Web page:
English Standard Version
For thus the LORD said to me: “I will quietly look from my dwelling like clear heat in sunshine, like a cloud of dew in the heat of harvest.”
King James Bible
For so the LORD said unto me, I will take my rest, and I will consider in my dwelling place like a clear heat upon herbs, and like a cloud of dew in the heat of harvest.
American Standard Version
For thus hath Jehovah said unto me, I will be still, and I will behold in my dwelling-place, like clear heat in sunshine, like a cloud of dew in the heat of harvest.
For thus saith the Lord to me: I will take my rest, and consider in my place, as the noon light is clear, and as a cloud of dew in the day of harvest.
English Revised Version
For thus hath the LORD said unto me, I will be still, and I will behold in my dwelling place; like clear heat in sunshine, like a cloud of dew in the heat of harvest.
Webster's Bible Translation
For so the LORD said to me, I will take my rest, and I will consider in my dwelling-place like a clear heat upon herbs, and like a cloud of dew in the heat of harvest.
Isaiah 18:4 Parallel
CommentaryKeil and Delitzsch Biblical Commentary on the Old Testament
Fourth turn: "Woe to the raoring of many nations: like the roaring of seas they roar; and to the rumbling of nations, like the rumbling of mighty waters they rumble! Nations, like the rumbling of many waters they rumble; and He threatens it: then it flies far away, and is chased like chaff of the mountains before the wind, and like a cloud of dust before the gale. At eventide, behold consternation; and before the morning dawn it is destroyed: this the portion of our plunderers, and the lot of our robbers." It is the destruction of Asshur that the prophet is predicting here (as in Isaiah 14:24-27; Isaiah 29:5-8, etc.), though not of Asshur as Asshur, but of Asshur as the imperial kingdom, which embraced a multitude of nations (Isaiah 22:6; Isaiah 8:9, Isaiah 8:10; Isaiah 14:26; Isaiah 29:7, Isaiah 29:8) all gathered together under the rule of one will, to make a common attack upon the church of God. The connection between this fourth turn and the third is precisely the same as between Isaiah 8:9, Isaiah 8:10, and Isaiah 8:6-8. The exclamation of woe (hoi) is an expression of pain, as in Isaiah 10:1; and this is followed by a proclamation of the judgment of wrath. The description of the rolling wave of nations is as pictorial as the well-known illi inter sese, etc., of the Cyclops in Virgil. "It spreads and stretches out, as if it would never cease to roll, and roar, and surge, and sweep onward in its course" (Drechsler). In the expression "it" (bo) in Isaiah 17:13, the many surging nations are kneaded together, as it were, into one mass. It costs God simply a threatening word; and this mass all flies apart (mimmerchâk like mērâchōk, Isaiah 23:7), and falls into dust, and whirls about in all directions, like the chaff of threshing-floors in high situations, or like dust whirled up by the storm. The judgment commences in the evening, and rages through the night; and before the morning dawns, the army of nations raised by the imperial power is all destroyed (compare Isaiah 29:7, Isaiah 29:8, and the fulfilment in Isaiah 37:36). The fact that the oracle concerning Damascus in its fourth stage takes so comprehensive and, so far as Israel is concerned, so promising a form, may be explained on the ground that Syria was the forerunner of Asshur in the attack upon Israel, and that the alliance between Israel and Syria became the occasion of the complications with Asshur. If the substance of the massâ Dammesek (the oracle concerning Damascus) had been restricted to the prophecy contained in the name Mahershalal, the element of promise so characteristic of the prophecies against the nations of the world would be entirely wanting. But the shout of triumph, "This is the portion," etc., supplied a terminal point, beyond which the massa could not go without the sacrifice of its unity. We are therefore warranted in regarding Isaiah 18:1-7 as an independent prophecy, notwithstanding its commencement, which apparently forms a continuation of the fourth strophe of Isaiah 17:1-14.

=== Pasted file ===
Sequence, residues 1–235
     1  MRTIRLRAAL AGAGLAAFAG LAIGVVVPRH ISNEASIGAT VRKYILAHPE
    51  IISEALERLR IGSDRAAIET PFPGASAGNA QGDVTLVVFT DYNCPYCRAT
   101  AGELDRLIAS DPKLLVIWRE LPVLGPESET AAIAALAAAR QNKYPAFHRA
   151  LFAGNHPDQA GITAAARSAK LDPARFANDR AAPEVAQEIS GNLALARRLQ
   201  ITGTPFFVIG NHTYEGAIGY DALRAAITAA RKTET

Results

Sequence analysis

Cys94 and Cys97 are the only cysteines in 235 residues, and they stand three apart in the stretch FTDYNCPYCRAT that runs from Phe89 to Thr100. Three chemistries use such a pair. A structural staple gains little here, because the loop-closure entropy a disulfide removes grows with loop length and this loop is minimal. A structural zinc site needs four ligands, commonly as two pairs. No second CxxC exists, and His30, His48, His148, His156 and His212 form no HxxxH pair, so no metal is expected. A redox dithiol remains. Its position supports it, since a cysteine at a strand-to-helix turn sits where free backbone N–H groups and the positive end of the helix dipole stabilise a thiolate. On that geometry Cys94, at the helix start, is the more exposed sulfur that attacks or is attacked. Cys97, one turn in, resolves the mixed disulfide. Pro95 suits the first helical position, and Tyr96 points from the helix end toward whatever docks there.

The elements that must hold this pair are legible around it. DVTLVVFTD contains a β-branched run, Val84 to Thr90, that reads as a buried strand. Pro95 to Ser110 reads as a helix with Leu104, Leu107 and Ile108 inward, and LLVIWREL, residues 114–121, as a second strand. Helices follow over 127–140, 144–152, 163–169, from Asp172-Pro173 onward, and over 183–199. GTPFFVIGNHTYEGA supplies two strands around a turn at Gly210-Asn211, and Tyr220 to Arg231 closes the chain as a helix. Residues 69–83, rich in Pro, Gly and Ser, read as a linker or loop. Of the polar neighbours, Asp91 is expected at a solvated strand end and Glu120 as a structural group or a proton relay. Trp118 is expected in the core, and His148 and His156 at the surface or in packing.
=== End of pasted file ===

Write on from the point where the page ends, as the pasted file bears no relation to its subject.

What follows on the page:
Treasury of Scripture Knowledge
consider in my dwelling place. or, regard my set dwelling
like a clear
upon herbs. or, after rain
2 Samuel 23:4
he dawns on them like the morning light, like the sun shining forth on a cloudless morning, like rain that makes grass to sprout from the earth.
A king's wrath is like the growling of a lion, but his favor is like dew on the grass.
Your dead shall live; their bodies shall rise. You who dwell in the dust, awake and sing for joy! For your dew is a dew of light, and the earth will give birth to the dead.
For behold, the LORD is coming out from his place to punish the inhabitants of the earth for their iniquity, and the earth will disclose the blood shed on it, and will no more cover its slain.
I will return again to my place, until they acknowledge their guilt and seek my face, and in their distress earnestly seek me.
I will be like the dew to Israel; he shall blossom like the lily; he shall take root like the trees of Lebanon;
Jump to PreviousClear Cloud Consider Dew Dwelling Dwelling-Place Harvest Heat Herbs Hold Mist Observe Quiet Quietly Rest Shining Summer Sun Sunshine Watching
Jump to NextClear Cloud Consider Dew Dwelling Dwelling-Place Harvest Heat Herbs Hold Mist Observe Quiet Quietly Rest Shining Summer Sun Sunshine Watching
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ESV Text Edition: 2016. The Holy Bible, English Standard Version® copyright © 2001 by Crossway Bibles, a publishing ministry of Good News Publishers.